The 2022 IM Not A GM Speed Chess Championship continued on Thursday with the one of the event’s most anticipated clashes, IM Eric Rosen vs. Levy Rozman. The two world-class content creators met in the quarterfinals for a rematch of last year’s showdown and this time Rosen was able to ascend to victory with a 12.5-7.5 score.
The match followed predictions early on with the two staying neck and neck throughout the 5+1 games, but it was Rosen who pulled ahead in the middle stages of the match. Rozman was unable to recover due to Rosen’s punishing form and the latter proved that he is a force to be reckoned with in the competition.
The next match in the IMSCC will be the quarterfinal matchup between IMs Alina Kashlinskaya and Lawrence Trent, which begins on June 3, at 4.30 a.m. Pacific / 13:30 Central European.
Blitz 5|1: Rozman-Rosen 4-3
The hotly anticipated match began in style with an outrageous queen sacrifice from Rozman taking place in the very first game. After Rosen gained a slight edge against Rozman’s English Opening, he succumbed to a blunderous moment that allowed Rozman to swoop in with the stirring tactic.
Known as zwischenzug, the interposing move floored Naroditsky and Hess while viewers on Twitch and Youtube spammed the chat with exclamation marks.
Like previous encounters between the two creator-juggernauts of the chess world, the early parts of the match were close to even. The players traded wins with White for the first five games, which began turning the match into what seemed like a perfectly scripted spectacle.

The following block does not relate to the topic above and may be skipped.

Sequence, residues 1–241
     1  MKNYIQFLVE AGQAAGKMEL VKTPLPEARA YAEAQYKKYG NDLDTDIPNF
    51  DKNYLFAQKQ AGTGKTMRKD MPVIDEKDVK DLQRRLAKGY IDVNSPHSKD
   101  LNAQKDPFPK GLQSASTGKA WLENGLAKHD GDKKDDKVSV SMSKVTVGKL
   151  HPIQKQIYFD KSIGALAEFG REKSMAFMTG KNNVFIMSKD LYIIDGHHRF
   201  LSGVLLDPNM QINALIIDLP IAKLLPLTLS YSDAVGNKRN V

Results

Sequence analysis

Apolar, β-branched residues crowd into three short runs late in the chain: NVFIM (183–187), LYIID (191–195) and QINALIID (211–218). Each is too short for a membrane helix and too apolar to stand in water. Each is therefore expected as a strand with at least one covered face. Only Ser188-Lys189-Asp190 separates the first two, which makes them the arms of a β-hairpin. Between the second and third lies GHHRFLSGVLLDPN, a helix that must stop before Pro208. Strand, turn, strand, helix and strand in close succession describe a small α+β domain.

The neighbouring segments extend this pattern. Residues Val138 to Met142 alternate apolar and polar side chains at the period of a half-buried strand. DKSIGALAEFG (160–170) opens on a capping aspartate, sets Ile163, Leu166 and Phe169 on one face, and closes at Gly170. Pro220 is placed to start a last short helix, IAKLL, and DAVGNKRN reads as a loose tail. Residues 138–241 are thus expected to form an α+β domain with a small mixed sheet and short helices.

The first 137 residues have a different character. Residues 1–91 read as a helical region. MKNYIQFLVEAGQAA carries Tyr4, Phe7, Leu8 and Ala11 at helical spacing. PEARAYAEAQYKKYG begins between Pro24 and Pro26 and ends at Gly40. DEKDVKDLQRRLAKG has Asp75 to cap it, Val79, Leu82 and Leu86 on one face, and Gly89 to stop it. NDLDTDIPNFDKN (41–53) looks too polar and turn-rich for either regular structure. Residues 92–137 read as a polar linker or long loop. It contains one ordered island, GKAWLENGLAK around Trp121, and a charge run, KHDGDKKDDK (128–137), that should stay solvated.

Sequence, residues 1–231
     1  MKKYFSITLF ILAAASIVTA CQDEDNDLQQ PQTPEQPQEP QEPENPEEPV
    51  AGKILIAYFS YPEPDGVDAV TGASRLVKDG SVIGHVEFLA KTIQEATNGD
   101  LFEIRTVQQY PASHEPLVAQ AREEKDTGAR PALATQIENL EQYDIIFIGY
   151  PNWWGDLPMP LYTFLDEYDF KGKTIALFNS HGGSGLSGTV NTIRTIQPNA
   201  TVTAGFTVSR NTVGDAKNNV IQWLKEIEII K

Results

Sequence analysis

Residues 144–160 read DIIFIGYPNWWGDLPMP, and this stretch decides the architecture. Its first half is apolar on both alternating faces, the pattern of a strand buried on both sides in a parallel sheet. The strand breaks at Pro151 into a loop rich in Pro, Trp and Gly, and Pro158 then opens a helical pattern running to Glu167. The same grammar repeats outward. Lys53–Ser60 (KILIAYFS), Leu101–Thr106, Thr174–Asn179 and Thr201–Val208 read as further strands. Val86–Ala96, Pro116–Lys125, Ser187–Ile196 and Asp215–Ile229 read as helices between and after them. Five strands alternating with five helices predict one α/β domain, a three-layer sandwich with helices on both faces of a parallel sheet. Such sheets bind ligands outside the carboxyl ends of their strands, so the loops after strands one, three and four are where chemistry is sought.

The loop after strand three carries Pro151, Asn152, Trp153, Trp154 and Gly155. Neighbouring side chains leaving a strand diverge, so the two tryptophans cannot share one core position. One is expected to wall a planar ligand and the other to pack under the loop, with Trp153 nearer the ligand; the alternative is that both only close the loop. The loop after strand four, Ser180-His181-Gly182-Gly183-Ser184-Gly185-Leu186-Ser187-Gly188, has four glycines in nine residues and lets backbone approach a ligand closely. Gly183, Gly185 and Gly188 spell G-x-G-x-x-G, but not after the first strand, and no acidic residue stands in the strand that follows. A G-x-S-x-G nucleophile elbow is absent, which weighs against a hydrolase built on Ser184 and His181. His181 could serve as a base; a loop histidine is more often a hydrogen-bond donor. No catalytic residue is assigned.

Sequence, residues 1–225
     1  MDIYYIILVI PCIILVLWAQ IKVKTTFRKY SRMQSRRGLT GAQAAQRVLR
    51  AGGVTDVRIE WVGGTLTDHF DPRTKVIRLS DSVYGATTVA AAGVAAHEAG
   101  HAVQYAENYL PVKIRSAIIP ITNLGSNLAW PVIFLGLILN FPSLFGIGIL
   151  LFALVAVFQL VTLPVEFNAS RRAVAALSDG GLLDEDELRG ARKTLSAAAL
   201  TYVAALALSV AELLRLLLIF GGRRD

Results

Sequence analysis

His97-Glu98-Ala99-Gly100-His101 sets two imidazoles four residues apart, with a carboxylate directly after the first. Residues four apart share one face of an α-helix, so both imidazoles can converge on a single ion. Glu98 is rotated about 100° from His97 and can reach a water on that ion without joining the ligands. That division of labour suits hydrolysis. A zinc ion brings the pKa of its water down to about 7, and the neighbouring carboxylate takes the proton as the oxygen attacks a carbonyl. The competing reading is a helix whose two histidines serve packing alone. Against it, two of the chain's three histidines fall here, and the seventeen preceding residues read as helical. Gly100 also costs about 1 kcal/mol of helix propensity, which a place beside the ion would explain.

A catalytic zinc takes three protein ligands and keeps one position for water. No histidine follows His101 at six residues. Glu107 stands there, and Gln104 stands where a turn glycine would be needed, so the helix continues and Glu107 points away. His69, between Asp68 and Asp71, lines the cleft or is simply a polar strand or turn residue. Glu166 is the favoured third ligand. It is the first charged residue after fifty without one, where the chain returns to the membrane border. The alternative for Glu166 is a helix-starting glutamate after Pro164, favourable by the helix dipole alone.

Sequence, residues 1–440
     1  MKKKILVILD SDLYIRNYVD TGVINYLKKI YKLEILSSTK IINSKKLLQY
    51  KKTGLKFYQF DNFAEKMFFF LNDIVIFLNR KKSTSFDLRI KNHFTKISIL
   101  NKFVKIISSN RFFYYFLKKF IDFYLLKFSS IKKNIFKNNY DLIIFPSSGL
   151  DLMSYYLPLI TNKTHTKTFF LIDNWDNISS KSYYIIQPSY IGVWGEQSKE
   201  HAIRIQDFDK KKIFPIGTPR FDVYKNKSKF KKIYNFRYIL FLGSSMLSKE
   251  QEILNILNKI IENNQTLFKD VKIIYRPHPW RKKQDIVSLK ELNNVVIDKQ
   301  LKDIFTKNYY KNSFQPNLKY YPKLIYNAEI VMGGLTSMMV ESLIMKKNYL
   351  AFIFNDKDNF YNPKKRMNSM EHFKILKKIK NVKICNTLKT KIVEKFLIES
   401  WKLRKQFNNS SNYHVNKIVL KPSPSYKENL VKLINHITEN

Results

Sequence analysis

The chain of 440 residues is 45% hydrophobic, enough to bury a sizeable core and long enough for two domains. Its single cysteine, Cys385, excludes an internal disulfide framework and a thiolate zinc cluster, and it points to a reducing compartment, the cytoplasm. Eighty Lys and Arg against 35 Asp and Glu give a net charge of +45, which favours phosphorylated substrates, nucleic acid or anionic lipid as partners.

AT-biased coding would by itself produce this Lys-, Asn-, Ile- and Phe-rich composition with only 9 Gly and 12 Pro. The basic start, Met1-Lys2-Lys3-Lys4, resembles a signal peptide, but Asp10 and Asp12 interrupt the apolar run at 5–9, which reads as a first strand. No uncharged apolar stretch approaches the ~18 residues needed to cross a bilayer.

With Black, Rozman consistently played an interesting line in his pet Caro-Kann, repeating a knight’s tango from b8 to d5 in the Gurgenidze System. He typically constructed reasonable positions, but Rosen was more accurate under time pressure with the white pieces early on.
Game six was the first time that either player was able to win with Black and it was Rozman’s Gurgenidze that got the job done. Although Rosen built a significant advantage heading into a rook and bishop endgame, Rozman cleverly tricked his opponent with a passed pawn, blockading a bishop between the pawn and an attacking rook and assuring its promotion.
Despite winning the seventh game, Rosen was only able to come within one point of his opponent, due to the 5+1 portion match clock running out after an odd number of games. With the scores at 4-3 to Rozman, it was looking more and more like the match would turn into a classic.
Blitz 3|1: Rozman-Rosen 1.5-4.5
The 3+1 segment started in the best way possible for Rosen, with the American IM capturing the first two games including a 24-game miniature. Regardless of whether Rosen had found a refutation to the Gurgenidze Variation during the break or Rozman capitulated on his own, the two games felt to be a turning point of the match.
Rozman mentioned in the post-match interview that he felt like a “deer in headlights” in the early stages of this section and highlighted two key factors that led to his dip in this period. The second of these points credited his opponent, noting: “Eric is unbelievably defensively resourceful.” Rozman went on to suggest that Rosen was “like a brick wall” and that “it takes a monumental emotional and mental effort to actually beat him.”